Local summer insolation and greenhouse gas forcing drove warming and glacier retreat in New Zealand during the Holocene
journal contributionposted on 2021-10-11, 02:33 authored by L Dowling, Shaun EavesShaun Eaves, Kevin NortonKevin Norton, A Mackintosh, Brian AndersonBrian Anderson, A Hidy, A Lorrey, Lauren VargoLauren Vargo, M Ryan, S Tims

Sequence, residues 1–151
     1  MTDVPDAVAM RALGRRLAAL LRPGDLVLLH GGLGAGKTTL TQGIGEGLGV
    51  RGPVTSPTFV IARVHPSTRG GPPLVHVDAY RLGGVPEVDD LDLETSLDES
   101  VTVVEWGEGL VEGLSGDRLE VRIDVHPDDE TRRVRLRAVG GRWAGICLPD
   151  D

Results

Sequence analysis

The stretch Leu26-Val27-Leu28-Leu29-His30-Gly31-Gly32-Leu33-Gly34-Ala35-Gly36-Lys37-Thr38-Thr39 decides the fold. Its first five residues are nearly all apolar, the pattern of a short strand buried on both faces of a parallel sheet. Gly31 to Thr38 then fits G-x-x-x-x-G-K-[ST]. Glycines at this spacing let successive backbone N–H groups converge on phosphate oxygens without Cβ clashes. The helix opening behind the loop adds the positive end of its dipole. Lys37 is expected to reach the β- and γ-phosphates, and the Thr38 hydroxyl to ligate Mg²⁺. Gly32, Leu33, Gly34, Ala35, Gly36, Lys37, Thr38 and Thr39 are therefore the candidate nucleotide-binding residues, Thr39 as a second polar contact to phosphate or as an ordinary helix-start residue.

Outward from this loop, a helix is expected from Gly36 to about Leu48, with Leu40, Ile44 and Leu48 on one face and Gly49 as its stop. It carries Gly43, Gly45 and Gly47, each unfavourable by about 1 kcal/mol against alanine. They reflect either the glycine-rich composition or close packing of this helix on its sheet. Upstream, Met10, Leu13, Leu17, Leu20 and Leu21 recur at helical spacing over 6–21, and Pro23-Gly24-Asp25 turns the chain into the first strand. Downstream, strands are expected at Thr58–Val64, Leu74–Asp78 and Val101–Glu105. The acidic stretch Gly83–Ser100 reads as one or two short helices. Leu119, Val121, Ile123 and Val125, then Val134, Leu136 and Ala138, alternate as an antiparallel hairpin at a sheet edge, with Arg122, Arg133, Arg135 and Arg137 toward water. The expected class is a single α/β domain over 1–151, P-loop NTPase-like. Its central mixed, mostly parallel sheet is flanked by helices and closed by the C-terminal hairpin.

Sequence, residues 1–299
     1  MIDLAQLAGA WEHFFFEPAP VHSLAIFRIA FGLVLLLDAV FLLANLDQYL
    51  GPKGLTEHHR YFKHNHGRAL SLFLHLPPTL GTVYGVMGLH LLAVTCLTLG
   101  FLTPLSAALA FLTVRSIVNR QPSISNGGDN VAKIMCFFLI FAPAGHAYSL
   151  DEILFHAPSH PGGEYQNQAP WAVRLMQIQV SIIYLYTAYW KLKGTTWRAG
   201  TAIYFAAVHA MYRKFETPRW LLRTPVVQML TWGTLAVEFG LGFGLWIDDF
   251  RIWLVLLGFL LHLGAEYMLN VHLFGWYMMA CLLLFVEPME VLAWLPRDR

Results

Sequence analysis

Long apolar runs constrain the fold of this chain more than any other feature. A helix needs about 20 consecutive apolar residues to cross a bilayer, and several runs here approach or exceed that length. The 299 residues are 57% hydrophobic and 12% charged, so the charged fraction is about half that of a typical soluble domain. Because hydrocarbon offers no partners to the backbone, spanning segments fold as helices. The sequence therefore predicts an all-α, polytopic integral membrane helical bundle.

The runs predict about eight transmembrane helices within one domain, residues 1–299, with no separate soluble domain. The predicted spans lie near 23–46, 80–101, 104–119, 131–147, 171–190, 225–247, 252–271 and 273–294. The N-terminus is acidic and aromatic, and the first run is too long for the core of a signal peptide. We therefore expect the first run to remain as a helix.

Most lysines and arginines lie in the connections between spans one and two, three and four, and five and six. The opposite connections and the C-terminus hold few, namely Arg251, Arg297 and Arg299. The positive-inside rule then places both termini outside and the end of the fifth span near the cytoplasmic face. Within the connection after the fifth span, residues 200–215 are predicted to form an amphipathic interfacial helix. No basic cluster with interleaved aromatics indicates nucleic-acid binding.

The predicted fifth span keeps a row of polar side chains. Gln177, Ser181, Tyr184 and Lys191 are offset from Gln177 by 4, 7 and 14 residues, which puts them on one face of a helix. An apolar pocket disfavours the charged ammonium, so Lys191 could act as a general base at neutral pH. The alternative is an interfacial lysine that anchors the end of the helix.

Geological climate archives from the Holocene Epoch provide baseline information concerning natural climate variability. Temperate mountain glacier extent is sensitive to summer air temperature, thus geological records of past glacier length changes are a useful proxy for this climatic variable. Here we present a new cosmogenic 10Be chronology of glacier length changes at Dart Glacier in the Southern Alps, New Zealand. Prominent moraines deposited 321 ± 44 yr ago (n = 11) and 7.8 ± 0.3 ka (n = 5) show glaciers during the Little Ice Age were less extensive than during the early Holocene. This pattern of net Holocene glacier retreat is consistent with emerging data from other catchments in New Zealand and across the southern mid-latitudes. Using the physical framework of a transient global climate model simulation, we suggest that cool summers in the early Holocene were promoted by the local summer insolation minimum, together with low atmospheric greenhouse gas concentrations, causing an early Holocene austral glacial maximum. An insolation-driven reduction in seasonality at southern mid-latitudes may reconcile differences between early Holocene temperature reconstructions where climate proxies have different seasonal sensitivities. We suggest that rising greenhouse gas concentrations after 7 ka caused regional-scale glacier retreat and appear to be the dominant driver of multi-millennial summer temperature trends in the southern mid-latitudes during the present interglacial.